We’ve not written much about the AFL-CIO since they fabulously — and very publicly — splintered a few months back, but now comes an AP story reporting on the AFL-CIO’s plans for a series of rallies worldwide this week to call attention to we’re not really sure what. But what the hey — it’s a good week for a rally. AFL President John Sweeney says workers have lost the right to organize (they haven’t) and says, according to Will Lester’s piece, “he expects the week will draw attention to the importance of unions and help educate the public about the difficulty some workers face getting a fair deal at work and trying to organize unions.” Whatever.
A labor apologist/professor is quoted as saying that the labor skates are in a “deep crisis” in terms of organizing (he’s right), and goes on to opine that “It’s a vicious cycle. As membership declines, there is less revenue and less to spend on organizing new workers.”
Well, let’s review the bidding here: The AFL-CIO has spent — wasted, really — hundreds of millions on politics in recent years. They spent untold sums battling one another recently in the run-up to their split. To defeat Prop 75 in California alone — which would have required unions to stoop so low as to get their members’ permission before they flushed their money down the rathole — they spent in excess of a hundred million dollars.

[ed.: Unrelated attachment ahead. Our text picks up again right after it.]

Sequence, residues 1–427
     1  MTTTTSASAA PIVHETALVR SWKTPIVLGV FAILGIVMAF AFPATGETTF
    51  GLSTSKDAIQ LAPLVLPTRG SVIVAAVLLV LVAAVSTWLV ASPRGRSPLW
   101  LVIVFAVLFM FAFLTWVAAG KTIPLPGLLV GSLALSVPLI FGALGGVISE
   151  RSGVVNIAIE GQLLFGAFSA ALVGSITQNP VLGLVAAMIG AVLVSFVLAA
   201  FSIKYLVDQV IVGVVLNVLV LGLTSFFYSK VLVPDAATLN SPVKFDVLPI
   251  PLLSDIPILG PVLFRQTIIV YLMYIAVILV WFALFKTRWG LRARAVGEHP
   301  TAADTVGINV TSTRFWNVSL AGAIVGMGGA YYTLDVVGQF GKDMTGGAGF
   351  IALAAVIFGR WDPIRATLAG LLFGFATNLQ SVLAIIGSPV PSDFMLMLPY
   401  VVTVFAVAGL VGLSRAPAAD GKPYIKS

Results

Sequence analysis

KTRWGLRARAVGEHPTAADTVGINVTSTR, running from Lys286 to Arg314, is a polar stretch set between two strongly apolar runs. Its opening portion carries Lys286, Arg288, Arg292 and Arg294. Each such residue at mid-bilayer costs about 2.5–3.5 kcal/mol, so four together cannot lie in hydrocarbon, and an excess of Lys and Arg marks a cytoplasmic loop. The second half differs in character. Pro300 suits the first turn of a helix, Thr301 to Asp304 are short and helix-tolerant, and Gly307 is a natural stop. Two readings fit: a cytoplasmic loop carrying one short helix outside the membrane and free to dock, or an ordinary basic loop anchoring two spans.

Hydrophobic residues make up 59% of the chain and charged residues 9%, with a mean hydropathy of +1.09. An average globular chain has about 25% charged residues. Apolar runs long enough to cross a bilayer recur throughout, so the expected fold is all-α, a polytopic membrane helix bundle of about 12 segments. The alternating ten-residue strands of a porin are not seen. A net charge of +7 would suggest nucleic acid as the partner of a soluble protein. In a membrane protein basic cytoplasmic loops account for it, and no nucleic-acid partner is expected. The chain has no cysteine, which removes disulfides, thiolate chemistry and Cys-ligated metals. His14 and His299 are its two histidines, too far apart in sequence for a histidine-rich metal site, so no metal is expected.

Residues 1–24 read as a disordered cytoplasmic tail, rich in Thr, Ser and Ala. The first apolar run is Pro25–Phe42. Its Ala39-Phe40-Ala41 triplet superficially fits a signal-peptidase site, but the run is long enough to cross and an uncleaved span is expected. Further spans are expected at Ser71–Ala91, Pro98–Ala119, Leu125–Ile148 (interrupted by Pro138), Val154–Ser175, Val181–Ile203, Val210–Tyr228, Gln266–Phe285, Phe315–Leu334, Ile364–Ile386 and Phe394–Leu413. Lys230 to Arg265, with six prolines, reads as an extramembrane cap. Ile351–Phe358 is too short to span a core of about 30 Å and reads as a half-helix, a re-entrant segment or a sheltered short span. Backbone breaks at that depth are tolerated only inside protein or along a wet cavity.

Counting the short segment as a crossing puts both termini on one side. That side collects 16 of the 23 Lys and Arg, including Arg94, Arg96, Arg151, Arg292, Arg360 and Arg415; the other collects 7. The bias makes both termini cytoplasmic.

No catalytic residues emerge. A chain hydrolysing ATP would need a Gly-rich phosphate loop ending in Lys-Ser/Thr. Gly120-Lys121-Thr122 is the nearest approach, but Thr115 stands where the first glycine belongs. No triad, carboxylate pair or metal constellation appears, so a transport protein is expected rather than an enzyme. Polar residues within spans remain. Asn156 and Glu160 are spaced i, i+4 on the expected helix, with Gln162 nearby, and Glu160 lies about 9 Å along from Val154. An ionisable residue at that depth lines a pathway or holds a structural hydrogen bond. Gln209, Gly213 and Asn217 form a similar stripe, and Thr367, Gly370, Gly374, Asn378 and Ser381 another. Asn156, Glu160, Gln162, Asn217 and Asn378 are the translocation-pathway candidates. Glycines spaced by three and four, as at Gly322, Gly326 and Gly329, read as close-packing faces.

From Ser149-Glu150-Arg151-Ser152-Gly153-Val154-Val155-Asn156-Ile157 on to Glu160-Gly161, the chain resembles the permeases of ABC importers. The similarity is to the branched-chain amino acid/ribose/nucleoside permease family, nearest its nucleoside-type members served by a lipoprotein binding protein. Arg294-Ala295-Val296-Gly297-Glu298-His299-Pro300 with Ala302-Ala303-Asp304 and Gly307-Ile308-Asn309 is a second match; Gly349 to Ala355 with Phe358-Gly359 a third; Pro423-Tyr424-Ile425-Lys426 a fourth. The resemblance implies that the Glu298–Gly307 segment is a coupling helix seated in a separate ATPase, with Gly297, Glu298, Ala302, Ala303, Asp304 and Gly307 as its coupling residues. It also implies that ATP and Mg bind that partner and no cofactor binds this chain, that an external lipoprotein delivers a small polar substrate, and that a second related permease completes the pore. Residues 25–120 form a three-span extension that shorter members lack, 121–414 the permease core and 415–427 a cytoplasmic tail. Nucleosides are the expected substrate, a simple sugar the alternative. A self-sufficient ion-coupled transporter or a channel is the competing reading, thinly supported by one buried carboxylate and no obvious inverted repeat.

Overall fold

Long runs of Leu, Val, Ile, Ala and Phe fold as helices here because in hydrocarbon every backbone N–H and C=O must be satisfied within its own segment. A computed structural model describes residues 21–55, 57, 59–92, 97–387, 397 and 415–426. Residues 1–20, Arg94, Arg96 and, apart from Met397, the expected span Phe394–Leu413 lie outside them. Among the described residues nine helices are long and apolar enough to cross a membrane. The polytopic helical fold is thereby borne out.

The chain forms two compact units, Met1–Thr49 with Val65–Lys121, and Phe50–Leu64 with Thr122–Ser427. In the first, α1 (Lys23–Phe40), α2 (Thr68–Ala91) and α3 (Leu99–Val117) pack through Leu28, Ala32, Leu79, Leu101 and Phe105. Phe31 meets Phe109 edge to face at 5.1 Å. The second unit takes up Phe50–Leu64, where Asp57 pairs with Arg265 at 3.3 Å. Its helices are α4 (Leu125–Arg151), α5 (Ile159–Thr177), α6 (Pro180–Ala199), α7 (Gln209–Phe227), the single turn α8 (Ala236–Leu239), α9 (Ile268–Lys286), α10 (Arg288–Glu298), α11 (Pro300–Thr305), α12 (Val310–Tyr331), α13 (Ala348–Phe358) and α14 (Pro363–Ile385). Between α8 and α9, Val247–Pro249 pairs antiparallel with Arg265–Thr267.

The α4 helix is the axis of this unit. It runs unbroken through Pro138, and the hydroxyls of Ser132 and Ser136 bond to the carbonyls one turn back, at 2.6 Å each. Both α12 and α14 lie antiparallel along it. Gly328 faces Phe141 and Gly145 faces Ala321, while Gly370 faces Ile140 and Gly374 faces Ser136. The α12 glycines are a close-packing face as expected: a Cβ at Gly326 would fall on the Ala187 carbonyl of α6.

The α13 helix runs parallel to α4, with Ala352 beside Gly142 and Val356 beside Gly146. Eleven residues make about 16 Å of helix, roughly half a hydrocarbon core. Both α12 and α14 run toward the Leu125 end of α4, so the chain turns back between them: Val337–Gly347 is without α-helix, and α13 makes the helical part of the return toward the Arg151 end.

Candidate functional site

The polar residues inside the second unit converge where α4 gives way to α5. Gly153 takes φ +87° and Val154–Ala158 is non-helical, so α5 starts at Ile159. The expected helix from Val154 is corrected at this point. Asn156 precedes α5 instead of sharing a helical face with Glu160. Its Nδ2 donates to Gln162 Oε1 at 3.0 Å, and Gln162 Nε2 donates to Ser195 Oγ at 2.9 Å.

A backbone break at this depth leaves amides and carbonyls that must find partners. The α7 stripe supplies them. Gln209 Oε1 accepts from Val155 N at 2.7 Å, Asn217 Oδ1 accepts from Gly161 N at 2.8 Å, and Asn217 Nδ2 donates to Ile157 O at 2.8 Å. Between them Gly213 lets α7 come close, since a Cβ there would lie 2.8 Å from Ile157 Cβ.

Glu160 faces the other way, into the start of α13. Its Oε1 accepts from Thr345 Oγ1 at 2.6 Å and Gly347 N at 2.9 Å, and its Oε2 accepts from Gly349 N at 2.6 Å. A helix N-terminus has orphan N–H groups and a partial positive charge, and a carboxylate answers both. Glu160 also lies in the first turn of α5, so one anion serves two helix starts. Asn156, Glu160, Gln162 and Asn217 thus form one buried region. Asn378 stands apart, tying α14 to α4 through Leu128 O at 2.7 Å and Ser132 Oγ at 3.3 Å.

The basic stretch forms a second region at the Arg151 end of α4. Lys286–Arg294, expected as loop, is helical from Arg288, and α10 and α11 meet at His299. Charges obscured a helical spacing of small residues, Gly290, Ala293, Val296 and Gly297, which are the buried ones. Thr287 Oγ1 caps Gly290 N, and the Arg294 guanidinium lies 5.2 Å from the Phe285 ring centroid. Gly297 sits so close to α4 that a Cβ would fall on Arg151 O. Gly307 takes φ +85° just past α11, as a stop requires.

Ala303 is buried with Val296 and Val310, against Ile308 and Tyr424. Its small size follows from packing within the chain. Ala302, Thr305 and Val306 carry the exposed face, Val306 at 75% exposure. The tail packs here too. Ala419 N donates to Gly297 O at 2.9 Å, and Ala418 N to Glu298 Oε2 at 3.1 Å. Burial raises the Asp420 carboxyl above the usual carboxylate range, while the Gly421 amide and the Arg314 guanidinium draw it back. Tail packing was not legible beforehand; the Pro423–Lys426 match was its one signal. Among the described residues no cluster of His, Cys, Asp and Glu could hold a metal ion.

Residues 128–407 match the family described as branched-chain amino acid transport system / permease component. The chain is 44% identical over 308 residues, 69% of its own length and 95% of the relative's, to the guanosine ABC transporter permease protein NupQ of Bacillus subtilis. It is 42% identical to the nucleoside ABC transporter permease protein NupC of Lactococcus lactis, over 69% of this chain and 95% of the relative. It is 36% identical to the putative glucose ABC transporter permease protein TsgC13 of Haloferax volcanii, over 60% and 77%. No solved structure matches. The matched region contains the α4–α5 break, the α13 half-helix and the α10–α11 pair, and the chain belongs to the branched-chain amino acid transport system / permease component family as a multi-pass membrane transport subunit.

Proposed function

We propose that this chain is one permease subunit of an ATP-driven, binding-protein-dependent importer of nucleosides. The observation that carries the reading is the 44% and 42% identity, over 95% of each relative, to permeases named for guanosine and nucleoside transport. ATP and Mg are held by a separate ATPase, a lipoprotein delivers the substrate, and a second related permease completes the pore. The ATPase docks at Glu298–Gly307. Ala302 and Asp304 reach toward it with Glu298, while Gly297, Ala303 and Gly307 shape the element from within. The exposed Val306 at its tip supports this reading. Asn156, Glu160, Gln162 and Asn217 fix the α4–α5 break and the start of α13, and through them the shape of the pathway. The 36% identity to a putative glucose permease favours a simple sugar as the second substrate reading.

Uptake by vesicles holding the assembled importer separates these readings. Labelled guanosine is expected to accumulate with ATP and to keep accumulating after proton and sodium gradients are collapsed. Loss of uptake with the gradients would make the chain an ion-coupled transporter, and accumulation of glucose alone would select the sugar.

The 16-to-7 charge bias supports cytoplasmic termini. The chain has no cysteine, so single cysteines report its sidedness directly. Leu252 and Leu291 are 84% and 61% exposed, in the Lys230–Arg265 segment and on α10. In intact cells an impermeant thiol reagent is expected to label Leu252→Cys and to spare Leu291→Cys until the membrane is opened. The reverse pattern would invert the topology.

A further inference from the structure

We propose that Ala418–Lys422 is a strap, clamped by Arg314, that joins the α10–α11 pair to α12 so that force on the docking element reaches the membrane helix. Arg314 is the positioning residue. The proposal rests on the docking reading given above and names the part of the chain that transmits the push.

A hundred million dollars.
So forgive us if we don’t have much sympathy for the AFL and its declining numbers. The AP story of course has the obligatory mention — blame, in labor’s eyes — of President Reagan and his firing of the air traffic controllers almost a quarter century ago. The fact that the AFL-CIO was in decline before then and continued in decline for the 8 years of the union-friendly Clinton Administration matters little.
At the end of the day, as we’ve said in this space many, many times is that it’s not money, it’s not President Reagan, it’s not the statute (the same statute under which they once saw fabulous success). Unfortunately, for the AFL-CIO, when it comes to declining numbers, the problem is 30 years of misplaced priorities, 30 years of focusing on politics instead of organizing.
Unfortunately for John Sweeney and his minions, it’ll take more than a rally to fix it.
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